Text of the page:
Lepus used to be known as The Chair of the Giant and even The Throne. In fact this constellation has been a number of things besides a hare. The easiest way to start investigating Lepus is to drop due south from the middle of Orion's belt, past the Hunter's feet, and into the neighbouring constellation, Lepus, where you will first encounter the 3.3 magnitude star mu Leporis. It is suggested that you click on this star first.

Alpha Leporis, "Arneb", is a yellow supergiant 1280 light years away. It is due south of the central star of Orion's belt, and nearly due west of Sirius, the brightest star in the heavens. The easiest way to find alpha Leporis is with the naked eye. Pick a point between Rigel and lambda Eridani (the star to the right of Rigel). Now move your eyes slowly to the south and you'll come to a group of stars which seemingly point southward. The brightest of these -- mu Leporis -- is the farthest south. To the east of mu Leporis, in the same FOV are alpha and beta Leporis.

In the same binocular field as alpha -- due east -- is the relatively faint but interesting star cluster (really a binary system) NGC 2017 also known as h3780.

Gamma Leporis is a splendid binary consisting of a yellow primary (3.6) and orange companion (6.1) quite suitable for binoculars. The pair are 29.2 light years away. The companion is a wide 96" away, at a position angle of 350 (that is, nearly due north).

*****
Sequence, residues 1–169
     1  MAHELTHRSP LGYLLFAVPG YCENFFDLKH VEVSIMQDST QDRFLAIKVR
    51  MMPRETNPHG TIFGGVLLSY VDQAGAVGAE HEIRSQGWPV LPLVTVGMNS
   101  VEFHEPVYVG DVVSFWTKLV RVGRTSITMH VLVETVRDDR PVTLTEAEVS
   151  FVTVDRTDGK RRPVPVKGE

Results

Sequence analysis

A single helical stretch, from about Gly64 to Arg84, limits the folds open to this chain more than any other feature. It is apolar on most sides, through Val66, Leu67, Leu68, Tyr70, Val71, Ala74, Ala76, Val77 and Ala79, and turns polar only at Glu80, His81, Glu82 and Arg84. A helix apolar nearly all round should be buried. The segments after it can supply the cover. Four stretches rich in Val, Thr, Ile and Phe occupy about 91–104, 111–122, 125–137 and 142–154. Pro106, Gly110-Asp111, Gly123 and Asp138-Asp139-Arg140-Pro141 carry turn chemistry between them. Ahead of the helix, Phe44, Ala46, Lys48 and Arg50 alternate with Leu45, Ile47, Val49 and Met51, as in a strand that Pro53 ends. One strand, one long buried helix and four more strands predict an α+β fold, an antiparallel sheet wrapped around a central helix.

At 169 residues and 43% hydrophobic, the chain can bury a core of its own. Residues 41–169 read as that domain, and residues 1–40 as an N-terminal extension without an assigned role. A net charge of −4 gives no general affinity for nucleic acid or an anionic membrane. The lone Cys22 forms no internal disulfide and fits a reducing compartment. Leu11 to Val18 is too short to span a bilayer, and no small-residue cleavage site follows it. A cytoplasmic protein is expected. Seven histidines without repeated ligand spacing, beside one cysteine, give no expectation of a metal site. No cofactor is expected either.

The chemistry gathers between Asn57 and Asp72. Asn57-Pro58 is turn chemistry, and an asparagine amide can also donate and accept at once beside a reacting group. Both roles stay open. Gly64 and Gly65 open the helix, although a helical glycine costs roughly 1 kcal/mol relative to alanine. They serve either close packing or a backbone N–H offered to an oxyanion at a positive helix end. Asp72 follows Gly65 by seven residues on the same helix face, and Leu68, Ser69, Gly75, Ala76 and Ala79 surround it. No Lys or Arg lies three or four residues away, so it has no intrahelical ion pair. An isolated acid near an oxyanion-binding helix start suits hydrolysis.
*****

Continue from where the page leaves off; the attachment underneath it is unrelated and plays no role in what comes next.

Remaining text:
Mu Leporis isn't particularly important except to get your initial bearings. The interesting red giant, R Leporis, is to the west.

R Leporis is a remarkable long-period Mira type variable that goes by the name of Hind's Crimson Star because of its peculiarly intense shade of red. The dimmer the star, the redder. Unfortunately this means that as the star brightens to its maximum, which is about 5.5, it loses much of its colour. Yet if you can spot the star before it achieves its maximum you'll find an intriguing object. At its minimum the star is only about a 11.7 magnitude, beyond that of all but the largest binoculars. If you've a medium sized telescope, the star is worth the time. Place mu a09:42:07 PM 08/25/2008nd lambda Leporis at the eastern edge of your FOV. Now R Leporis will be near the western edge.

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